--> Abstract: History of Filling of the Northern Alberta Oil Sands Based on 4-D Petroleum System Models, by Debra K. Higley, Michael D. Lewan, and Laura N. R. Roberts; #90075 (2008)

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History of Filling of the Northern Alberta Oil Sands Based on 4-D Petroleum System Models

Debra K. Higley, Michael D. Lewan, and Laura N. R. Roberts
US Geological Survey, Denver, CO

An estimated 1,600 billion barrels (BB) of bitumen are present in the oil sands of northern Alberta. The primary reservoir is the McMurray Formation of the Lower Cretaceous Mannville Group. The source of this vast resource remains controversial, with some researchers advocating mostly Paleozoic source rocks, and others advocating mostly Mesozoic source rocks.

Two four-dimensional petroleum system models of northern Alberta were constructed to determine the contributions to these oil sands of oil and gas from Devonian through Cretaceous source rocks. The models were identical except for petroleum generation kinetics, with one based on hydrous pyrolysis (HP) and the other based on Rock-Eval pyrolysis (REV) kinetic parameters. Both models used the same kinetic parameters for secondary generation from petroleum. These kinetic parameters, in conjunction with measured hydrogen indices and total organic carbon data, were used in the models to evaluate timing and extent of petroleum generation and expulsion from Devonian through Cretaceous source rocks. Integrated flow-path and hybrid Darcy algorithms were used to model migration of the expelled petroleum and the relative percent contributions through time of each source rock to petroleum accumulations.

Structural relief on the top of each reservoir layer is the primary control on migration pathways for oil and gas that (1) is not trapped in the reservoir layer, (2) does not breach bounding seal lithologies, or (3) escape along open faults. Also critical are location of reservoir strata relative to vertical and lateral seals, and to thermally mature source rocks. Biodegradation traps such as the oil sands are not modeled; instead the generated and expelled petroleum accumulates in associated subtle structures and migrates northeast to the Precambrian shield.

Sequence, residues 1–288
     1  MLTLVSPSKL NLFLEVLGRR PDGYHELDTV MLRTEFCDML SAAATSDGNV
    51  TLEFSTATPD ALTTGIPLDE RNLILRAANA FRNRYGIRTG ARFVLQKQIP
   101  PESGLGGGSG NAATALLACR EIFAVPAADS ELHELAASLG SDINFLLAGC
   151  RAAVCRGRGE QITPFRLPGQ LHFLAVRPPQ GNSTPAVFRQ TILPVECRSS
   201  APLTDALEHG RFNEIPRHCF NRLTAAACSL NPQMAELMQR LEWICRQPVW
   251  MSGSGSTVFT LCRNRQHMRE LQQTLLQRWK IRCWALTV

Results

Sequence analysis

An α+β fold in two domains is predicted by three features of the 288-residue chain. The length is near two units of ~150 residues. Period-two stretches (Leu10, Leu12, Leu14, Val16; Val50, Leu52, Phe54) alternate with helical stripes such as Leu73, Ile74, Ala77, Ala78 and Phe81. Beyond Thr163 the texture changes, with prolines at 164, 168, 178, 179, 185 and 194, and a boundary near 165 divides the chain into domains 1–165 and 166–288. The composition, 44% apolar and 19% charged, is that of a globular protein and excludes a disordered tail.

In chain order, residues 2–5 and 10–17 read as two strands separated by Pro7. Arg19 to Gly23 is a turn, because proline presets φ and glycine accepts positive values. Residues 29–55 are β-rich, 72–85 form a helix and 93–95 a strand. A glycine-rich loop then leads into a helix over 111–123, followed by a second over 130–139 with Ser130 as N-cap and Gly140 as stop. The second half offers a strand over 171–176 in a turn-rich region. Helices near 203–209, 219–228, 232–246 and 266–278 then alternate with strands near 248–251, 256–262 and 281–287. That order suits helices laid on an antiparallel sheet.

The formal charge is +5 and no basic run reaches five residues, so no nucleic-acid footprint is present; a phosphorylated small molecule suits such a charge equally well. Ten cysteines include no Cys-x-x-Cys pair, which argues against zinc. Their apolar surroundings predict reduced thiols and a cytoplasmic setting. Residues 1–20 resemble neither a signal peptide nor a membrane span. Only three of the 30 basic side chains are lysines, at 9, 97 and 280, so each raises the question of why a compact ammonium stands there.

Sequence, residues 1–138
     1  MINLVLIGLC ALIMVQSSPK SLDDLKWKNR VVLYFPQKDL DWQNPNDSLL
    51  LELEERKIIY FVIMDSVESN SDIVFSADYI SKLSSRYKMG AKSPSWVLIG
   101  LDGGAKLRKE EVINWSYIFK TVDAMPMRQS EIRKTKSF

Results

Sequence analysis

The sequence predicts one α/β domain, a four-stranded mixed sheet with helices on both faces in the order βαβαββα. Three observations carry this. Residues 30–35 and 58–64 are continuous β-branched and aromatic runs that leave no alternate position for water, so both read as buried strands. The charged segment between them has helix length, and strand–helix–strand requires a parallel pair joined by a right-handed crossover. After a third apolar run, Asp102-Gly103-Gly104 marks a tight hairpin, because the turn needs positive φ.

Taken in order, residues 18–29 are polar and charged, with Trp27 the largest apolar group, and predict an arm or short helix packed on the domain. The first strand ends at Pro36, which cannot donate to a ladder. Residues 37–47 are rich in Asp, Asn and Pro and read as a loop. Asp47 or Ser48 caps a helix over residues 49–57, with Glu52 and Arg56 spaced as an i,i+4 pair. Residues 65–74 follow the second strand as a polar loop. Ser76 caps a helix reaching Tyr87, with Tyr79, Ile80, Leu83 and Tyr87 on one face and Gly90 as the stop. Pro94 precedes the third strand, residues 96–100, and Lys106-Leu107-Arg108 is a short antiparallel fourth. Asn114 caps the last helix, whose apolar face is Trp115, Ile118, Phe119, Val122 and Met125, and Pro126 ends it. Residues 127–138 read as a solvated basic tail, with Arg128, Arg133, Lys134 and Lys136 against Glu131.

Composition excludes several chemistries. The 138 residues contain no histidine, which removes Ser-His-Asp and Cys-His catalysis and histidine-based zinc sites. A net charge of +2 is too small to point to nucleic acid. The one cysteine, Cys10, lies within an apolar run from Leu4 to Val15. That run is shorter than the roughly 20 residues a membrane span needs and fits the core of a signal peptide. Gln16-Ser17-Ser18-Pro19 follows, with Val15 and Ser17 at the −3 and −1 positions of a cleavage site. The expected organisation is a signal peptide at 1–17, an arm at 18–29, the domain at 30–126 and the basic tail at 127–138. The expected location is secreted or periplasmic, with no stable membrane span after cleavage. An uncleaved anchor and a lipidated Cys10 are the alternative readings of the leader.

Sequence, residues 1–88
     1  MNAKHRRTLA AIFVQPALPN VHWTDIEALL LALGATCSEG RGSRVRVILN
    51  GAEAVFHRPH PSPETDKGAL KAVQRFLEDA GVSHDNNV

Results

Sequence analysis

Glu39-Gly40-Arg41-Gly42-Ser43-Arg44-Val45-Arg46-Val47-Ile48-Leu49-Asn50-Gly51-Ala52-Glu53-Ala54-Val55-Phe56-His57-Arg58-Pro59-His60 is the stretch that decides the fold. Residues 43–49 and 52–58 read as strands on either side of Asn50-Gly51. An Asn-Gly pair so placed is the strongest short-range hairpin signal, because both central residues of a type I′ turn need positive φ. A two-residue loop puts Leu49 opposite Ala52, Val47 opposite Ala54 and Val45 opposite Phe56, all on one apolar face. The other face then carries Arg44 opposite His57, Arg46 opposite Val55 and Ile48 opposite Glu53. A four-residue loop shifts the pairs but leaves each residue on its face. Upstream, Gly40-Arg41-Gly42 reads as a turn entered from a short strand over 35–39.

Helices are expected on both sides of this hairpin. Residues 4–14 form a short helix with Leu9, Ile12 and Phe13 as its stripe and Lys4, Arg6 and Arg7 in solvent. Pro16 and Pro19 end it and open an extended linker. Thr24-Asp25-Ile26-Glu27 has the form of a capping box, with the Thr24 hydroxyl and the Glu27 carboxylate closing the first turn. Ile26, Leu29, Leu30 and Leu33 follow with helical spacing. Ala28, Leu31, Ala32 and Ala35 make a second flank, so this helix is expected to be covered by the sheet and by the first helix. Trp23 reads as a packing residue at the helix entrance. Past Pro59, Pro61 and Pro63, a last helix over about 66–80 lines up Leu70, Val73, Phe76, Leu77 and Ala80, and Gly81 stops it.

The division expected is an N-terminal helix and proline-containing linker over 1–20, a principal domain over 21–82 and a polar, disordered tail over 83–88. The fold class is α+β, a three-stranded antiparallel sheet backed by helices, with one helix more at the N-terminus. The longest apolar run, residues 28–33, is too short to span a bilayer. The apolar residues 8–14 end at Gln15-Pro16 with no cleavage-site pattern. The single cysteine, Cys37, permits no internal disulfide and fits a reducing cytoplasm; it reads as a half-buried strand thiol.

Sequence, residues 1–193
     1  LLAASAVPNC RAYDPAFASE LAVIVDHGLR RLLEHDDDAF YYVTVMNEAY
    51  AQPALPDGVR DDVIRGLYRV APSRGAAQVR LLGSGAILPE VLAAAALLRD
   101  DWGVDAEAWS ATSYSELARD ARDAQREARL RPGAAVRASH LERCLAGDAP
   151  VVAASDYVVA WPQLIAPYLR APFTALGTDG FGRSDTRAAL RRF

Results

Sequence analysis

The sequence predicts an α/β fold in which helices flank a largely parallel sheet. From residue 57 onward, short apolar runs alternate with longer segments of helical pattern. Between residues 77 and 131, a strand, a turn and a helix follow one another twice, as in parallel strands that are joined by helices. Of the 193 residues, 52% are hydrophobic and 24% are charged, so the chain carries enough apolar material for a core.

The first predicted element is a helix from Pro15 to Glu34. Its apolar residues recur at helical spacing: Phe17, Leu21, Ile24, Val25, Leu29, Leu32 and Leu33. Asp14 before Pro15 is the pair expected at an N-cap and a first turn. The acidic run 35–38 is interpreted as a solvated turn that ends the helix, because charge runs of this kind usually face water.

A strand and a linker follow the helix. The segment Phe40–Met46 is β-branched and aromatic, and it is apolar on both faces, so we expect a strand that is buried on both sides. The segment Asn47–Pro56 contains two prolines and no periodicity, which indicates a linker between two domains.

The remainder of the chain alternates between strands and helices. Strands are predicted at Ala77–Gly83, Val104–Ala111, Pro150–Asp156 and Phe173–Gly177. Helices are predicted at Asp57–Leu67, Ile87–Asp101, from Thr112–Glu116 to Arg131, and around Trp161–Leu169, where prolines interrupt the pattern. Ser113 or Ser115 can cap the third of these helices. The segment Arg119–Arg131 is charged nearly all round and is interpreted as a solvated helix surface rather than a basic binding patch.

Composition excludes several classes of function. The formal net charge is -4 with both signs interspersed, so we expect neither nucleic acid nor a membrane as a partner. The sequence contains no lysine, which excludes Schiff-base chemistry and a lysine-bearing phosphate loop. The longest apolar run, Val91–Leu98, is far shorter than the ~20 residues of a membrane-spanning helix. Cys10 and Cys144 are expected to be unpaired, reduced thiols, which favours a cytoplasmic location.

Truncation of Jurassic through Devonian rocks against the angular unconformity at the base of the Mannville Group increased oil and gas contributions through time from Mississippian through Lower Cretaceous source rocks. Petroleum generation from all source rocks began near the present-day Rocky Mountains, and migrated to the northeast as much as 350 km. The HP and REV models show that the oil sands are located at focal points of the petroleum migration pathways and the initial and major source interval for the oil sands is the Gordondale Member of the Jurassic Fernie Formation. The northeast migration was the main reason why the Gordondale did not contribute petroleum to accumulations south of the oil sands. This early contribution was important in preventing lithification of petroleum impregnated Mannville strata.

Petroleum source rocks that contribute to the Mannville Group layers range from the Mississippian Exshaw to the Ostracode zone and coals of the Mannville Group. Using a transformation ratio (TR) of 0.1% for onset of petroleum generation, the Gordondale started generating about 109 Ma (HP) and 80 Ma (REV). Devonian through Lower Cretaceous source rocks peak generation (TR=50%) near the deformation belt, proximal and east of the Canadian Rocky Mountains, began 70 Ma (HP) and 65 Ma (REV). Mannville Group conventional accumulations that are sourced from the Gordondale peaked at 70 Ma (HP) and 55 Ma (REV). Onset of petroleum generation and expulsion is 70 to 65 Ma (HP and REV) from the Mississippian Exshaw Formation, Triassic Doig Member, and coals and Ostracode zone of the Mannville Group. Source rocks of the Duvernay Formation of the Devonian Woodbend Group expelled petroleum starting 70 (HP) and 75 Ma (REV); contributions were mainly to the Woodbend Group. Shales of the Upper Cretaceous Colorado Group did not contribute to Mannville and older accumulations. Oil and gas generation ended about 40 Ma for the HP and 45 Ma for the REV model.

The volume of generated petroleum from the Gordondale in our study area is 380 x 109 m3 (2,400 BB) based on HP kinetics, and 58 x 109 m3 (370 BB) using REV kinetics. This volume disparity results from differences in the timing and extent of petroleum generation as determined by the HP and REV kinetics, with the former being more representative of early petroleum generation from high-sulfur organic matter than the latter.


AAPG Search and Discovery Article #90075©2008 AAPG Hedberg Conference, Banff, Alberta, Canada